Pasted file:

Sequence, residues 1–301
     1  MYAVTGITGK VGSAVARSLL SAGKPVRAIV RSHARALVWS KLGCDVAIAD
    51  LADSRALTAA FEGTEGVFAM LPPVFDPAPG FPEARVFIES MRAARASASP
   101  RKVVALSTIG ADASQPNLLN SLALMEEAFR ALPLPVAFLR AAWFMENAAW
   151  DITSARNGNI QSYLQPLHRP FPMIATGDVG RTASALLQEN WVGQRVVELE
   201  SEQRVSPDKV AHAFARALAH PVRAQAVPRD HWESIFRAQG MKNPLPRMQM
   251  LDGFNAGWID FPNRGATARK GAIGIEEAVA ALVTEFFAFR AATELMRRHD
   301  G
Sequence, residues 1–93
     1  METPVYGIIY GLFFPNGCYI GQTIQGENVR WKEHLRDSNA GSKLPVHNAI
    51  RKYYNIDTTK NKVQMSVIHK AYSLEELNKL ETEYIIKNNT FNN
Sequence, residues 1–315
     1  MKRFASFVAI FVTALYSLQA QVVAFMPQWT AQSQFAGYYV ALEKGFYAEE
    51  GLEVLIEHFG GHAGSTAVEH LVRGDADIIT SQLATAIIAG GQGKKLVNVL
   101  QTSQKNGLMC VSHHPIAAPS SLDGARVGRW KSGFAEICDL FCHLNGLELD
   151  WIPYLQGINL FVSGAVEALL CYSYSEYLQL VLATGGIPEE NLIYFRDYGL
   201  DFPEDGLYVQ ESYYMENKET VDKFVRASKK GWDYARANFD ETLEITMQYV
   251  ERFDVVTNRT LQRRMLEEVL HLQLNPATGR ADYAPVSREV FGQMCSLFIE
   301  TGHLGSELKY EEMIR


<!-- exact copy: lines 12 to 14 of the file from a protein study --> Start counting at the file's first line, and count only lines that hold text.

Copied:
Sequence, residues 1–315
     1  MKRFASFVAI FVTALYSLQA QVVAFMPQWT AQSQFAGYYV ALEKGFYAEE
    51  GLEVLIEHFG GHAGSTAVEH LVRGDADIIT SQLATAIIAG GQGKKLVNVL